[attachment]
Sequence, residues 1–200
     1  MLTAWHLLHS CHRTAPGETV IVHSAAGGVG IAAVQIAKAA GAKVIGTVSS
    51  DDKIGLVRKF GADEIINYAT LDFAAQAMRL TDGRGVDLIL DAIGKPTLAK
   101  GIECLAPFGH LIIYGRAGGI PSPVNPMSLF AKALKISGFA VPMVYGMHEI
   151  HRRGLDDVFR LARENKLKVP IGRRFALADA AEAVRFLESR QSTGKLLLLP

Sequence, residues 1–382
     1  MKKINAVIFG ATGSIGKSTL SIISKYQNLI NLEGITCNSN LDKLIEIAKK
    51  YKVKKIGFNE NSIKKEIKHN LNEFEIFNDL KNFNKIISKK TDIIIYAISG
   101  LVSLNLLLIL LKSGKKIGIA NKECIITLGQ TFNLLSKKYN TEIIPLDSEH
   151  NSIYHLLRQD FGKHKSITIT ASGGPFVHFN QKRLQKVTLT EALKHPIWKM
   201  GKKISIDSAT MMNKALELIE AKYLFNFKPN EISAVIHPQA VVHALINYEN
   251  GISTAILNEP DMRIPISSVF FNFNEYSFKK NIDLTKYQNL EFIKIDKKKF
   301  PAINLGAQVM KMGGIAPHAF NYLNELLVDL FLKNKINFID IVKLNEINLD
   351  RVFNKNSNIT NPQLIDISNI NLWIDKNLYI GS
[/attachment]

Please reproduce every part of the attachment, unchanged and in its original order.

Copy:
Sequence, residues 1–200
     1  MLTAWHLLHS CHRTAPGETV IVHSAAGGVG IAAVQIAKAA GAKVIGTVSS
    51  DDKIGLVRKF GADEIINYAT LDFAAQAMRL TDGRGVDLIL DAIGKPTLAK
   101  GIECLAPFGH LIIYGRAGGI PSPVNPMSLF AKALKISGFA VPMVYGMHEI
   151  HRRGLDDVFR LARENKLKVP IGRRFALADA AEAVRFLESR QSTGKLLLLP

Sequence, residues 1–382
     1  MKKINAVIFG ATGSIGKSTL SIISKYQNLI NLEGITCNSN LDKLIEIAKK
    51  YKVKKIGFNE NSIKKEIKHN LNEFEIFNDL KNFNKIISKK TDIIIYAISG
   101  LVSLNLLLIL LKSGKKIGIA NKECIITLGQ TFNLLSKKYN TEIIPLDSEH
   151  NSIYHLLRQD FGKHKSITIT ASGGPFVHFN QKRLQKVTLT EALKHPIWKM
   201  GKKISIDSAT MMNKALELIE AKYLFNFKPN EISAVIHPQA VVHALINYEN
   251  GISTAILNEP DMRIPISSVF FNFNEYSFKK NIDLTKYQNL EFIKIDKKKF
   301  PAINLGAQVM KMGGIAPHAF NYLNELLVDL FLKNKINFID IVKLNEINLD
   351  RVFNKNSNIT NPQLIDISNI NLWIDKNLYI GS